The turbans and saris in India totally captivated me.
We traveled in the Northern part of India for two weeks in November and while I loved the palaces, forts and exotic nature of this part of the world, the way the women and men dressed was absolutely mesmerizing.
My back ground as a fashion writer probably has something to do with why the colorful attire grabbed my eye…but maybe you’ll find them equally interesting.
Interestingly there is no wife at home, advising, “Dear, I think you should wear your navy turban today,” the way we western women might advise our husbands about which tie to don before going out.
Instead the turban–typically a strip of cloth five meters or less– is prescribed. It is a man’s “identity.”
In many instances, it has a religious significance but the color of a turban can indicate a man’s profession or his caste. For example, shepherds are pink, farmers are another color. I often wondered when I saw a brightly patterned turban—what does that mean?
According to Wikipedia, the color can be selected for the occasion as well. White is associated with peace and worn by elders. Pink, often assoicated with spring, is worn during that season or for marriage ceremonies. I noticed snake charmers in different places all had the same kind of turban. Hmmmm.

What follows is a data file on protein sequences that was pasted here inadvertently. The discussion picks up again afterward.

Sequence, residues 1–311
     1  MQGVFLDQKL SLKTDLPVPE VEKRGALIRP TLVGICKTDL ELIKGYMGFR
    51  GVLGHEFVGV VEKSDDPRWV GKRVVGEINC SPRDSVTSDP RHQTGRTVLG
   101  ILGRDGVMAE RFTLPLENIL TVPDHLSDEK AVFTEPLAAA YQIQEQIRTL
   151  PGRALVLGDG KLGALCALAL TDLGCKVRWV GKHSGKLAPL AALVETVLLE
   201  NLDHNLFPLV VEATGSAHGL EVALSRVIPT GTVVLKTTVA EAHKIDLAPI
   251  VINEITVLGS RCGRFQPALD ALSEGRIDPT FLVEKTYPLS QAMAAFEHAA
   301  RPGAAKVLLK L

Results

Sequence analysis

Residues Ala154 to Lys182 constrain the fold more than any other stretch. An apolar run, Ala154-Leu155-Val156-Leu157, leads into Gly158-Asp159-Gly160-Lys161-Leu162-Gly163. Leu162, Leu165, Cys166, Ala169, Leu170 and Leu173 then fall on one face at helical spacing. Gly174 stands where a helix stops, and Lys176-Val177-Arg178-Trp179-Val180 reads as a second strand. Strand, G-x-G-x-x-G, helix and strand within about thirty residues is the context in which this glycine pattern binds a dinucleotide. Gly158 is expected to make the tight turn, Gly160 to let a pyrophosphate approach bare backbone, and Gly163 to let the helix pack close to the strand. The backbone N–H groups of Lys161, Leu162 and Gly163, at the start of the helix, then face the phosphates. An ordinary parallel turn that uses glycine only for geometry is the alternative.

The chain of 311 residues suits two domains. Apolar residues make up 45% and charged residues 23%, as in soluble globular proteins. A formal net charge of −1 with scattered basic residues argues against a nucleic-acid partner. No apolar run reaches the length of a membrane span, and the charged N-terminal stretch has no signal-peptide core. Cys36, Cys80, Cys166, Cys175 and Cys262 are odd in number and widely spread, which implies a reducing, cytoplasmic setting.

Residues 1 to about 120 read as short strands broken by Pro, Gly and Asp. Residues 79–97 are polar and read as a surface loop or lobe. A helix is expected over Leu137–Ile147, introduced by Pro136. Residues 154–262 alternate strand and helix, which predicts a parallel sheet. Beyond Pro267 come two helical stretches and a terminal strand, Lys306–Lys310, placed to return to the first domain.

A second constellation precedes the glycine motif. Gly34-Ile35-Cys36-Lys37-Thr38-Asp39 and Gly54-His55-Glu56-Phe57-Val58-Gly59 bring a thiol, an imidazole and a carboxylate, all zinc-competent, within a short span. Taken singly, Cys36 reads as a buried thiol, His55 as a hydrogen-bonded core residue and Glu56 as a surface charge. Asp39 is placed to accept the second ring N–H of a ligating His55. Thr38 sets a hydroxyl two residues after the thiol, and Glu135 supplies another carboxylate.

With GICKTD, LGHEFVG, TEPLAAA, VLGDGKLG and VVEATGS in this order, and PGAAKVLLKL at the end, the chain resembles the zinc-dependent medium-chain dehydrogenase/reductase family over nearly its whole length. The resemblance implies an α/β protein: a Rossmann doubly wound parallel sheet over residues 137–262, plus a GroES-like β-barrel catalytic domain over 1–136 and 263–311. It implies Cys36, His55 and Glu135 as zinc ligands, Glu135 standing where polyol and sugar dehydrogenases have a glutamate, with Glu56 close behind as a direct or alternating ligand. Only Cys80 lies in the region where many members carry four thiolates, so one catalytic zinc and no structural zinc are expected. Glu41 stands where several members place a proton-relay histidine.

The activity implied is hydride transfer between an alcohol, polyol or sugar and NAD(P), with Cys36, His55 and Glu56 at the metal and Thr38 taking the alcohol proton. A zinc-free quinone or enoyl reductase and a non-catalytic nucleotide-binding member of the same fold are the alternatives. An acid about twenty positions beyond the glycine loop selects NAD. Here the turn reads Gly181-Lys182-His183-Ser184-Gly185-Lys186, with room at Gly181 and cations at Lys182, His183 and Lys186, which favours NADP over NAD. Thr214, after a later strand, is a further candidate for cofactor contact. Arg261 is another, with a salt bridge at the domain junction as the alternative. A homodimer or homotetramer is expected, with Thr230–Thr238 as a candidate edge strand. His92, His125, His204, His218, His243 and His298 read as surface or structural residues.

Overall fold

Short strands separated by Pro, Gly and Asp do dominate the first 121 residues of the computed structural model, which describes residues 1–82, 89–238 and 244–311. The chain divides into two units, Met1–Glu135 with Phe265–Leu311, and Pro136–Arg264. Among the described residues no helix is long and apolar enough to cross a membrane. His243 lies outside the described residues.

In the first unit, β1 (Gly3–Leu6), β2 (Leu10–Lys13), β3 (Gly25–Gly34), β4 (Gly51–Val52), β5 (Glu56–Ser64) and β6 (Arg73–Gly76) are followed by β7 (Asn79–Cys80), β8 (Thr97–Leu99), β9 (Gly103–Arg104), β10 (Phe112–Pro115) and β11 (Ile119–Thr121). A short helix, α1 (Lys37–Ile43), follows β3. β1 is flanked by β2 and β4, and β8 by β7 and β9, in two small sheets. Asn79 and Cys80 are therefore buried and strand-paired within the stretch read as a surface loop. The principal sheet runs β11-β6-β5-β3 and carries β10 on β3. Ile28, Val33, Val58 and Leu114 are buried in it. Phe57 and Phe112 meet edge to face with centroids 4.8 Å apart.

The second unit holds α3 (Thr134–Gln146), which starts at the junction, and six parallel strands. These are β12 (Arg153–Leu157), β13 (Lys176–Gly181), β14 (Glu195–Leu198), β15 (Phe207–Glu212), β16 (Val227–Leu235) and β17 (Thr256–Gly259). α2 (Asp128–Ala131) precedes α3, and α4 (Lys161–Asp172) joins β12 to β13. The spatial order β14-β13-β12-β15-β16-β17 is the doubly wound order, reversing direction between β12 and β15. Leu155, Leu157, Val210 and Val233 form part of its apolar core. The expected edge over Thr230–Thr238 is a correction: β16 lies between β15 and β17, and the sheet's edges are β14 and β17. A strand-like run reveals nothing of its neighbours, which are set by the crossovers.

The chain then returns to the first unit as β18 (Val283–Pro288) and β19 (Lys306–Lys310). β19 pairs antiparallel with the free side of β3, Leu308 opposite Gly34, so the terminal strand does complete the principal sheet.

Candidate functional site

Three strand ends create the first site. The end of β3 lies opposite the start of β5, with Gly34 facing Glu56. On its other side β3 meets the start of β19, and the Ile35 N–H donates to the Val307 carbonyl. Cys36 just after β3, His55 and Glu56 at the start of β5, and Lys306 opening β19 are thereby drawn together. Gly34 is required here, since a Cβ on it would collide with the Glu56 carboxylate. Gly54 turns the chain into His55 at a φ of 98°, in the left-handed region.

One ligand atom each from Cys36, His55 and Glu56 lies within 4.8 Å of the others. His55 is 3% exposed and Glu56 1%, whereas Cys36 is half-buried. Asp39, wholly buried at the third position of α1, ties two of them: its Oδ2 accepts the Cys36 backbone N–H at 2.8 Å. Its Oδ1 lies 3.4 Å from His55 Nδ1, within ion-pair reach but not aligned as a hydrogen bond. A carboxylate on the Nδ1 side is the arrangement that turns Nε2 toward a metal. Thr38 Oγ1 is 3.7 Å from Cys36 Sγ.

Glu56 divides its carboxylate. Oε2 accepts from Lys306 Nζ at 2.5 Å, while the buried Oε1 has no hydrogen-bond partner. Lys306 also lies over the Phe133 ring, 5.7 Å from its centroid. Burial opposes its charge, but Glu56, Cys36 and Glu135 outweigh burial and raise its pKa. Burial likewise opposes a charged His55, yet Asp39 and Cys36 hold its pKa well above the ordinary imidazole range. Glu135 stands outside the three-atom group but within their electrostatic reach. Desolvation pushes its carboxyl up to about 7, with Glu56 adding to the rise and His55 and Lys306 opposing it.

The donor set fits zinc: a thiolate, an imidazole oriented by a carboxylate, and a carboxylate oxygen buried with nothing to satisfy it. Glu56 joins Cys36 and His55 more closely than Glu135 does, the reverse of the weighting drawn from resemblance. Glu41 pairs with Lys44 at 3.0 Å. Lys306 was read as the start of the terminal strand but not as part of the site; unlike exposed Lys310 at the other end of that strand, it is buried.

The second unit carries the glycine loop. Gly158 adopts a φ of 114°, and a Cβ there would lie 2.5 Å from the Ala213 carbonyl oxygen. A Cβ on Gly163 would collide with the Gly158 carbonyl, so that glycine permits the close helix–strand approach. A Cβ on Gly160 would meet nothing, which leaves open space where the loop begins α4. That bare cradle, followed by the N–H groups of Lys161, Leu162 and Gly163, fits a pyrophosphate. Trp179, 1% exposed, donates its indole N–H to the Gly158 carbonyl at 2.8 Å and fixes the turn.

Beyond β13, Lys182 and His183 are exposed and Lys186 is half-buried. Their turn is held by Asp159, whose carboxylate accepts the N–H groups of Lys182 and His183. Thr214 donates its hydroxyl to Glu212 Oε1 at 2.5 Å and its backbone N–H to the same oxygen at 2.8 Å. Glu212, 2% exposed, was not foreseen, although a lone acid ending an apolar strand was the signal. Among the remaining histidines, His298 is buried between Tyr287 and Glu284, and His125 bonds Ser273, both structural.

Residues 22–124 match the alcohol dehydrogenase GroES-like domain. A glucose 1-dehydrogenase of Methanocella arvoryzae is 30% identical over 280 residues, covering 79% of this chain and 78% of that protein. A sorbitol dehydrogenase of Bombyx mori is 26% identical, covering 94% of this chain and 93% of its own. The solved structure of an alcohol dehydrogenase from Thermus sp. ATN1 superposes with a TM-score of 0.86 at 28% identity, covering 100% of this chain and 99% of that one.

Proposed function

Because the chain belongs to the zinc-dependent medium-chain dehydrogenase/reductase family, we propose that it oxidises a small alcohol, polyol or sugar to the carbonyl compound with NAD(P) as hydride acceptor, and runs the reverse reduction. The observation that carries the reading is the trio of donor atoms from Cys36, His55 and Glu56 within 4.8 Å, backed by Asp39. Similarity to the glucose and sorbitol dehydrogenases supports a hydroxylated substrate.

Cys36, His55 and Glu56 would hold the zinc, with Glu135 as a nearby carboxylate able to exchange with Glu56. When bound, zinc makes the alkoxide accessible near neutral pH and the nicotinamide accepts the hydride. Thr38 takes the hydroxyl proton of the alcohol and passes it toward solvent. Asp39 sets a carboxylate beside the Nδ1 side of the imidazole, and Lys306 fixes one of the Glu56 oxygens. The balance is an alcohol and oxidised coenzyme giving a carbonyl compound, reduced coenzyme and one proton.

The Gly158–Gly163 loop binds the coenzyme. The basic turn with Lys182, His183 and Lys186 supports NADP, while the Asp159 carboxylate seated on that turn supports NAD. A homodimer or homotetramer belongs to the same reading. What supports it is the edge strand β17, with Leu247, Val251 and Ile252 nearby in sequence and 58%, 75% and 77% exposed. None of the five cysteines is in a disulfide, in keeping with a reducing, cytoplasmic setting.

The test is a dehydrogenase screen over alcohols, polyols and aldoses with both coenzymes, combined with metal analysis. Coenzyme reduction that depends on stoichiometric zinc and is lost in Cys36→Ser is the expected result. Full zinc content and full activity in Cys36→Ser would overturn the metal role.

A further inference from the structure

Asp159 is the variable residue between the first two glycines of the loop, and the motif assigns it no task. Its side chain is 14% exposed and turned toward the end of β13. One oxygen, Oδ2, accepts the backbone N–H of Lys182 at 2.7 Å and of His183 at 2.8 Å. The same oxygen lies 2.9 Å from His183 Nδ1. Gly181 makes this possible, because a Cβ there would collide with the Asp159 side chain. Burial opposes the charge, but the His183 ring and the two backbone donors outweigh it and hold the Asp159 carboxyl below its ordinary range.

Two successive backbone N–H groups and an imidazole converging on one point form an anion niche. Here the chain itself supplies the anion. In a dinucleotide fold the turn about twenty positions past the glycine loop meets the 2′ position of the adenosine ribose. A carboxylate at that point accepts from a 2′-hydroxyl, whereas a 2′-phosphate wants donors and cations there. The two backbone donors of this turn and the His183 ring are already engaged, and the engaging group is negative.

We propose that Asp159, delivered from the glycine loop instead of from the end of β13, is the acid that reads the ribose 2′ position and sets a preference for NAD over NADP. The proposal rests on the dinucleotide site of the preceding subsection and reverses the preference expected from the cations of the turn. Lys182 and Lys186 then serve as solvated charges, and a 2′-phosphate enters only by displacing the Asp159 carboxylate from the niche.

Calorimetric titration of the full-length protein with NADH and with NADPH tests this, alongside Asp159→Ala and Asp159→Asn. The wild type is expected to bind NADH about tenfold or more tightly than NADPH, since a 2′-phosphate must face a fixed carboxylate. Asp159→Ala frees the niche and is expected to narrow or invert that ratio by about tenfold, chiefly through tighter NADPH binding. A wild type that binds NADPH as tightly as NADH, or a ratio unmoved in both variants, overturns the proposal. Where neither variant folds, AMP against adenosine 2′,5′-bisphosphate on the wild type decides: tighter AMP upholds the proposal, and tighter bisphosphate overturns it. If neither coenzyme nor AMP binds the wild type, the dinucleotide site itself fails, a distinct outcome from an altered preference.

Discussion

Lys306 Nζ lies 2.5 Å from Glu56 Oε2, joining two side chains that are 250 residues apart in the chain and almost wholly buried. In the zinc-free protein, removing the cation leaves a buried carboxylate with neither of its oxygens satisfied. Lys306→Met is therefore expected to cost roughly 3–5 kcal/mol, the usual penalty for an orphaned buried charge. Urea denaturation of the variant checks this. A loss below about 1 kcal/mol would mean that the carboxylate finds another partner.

The turban is also an important tool in every day life. It can provide an extra layer of warmth around the shoulders, act as a pillow and hide small valuables in its folds. I saw a man take off his turban and use it to pull a man in a wheel chair up a ramp at a train station.
It was amusing to me to see the impact of every day modern life in India. At stop lights I observed men on motorcycles, wearing their helmets with the turban wrapped under one arm and over the other shoulder, kinda like a beauty pageant woman wears a sash to indicate her allegiances. My assumption is that when the man arrives at his destination, he takes off the helmet and spends a few minutes rewrapping his turban to resume his daily life.
The saris that the women wear are equally interesting–making them radiant from head to toe. We saw women in the fields, walking on country roads, in the towns–all dressed in their beautiful, colorful draped scarves.
A sari is a strip of unstitched cloth four to nine yards in length that is draped over the body in various styles. It is typically worn over a long skirt of the same color and a tight fitting blouse called a choli.
They indicate where a woman is from both in color, pattern and the way they are tied. I love this. Combined with boatloads of jewelry and the Bindi–a traditional mark between the eyes, the effect is stunning.
I even liked seeing them draped on bushes or out windows to dry on laundry day. The splashes of color are fabulous.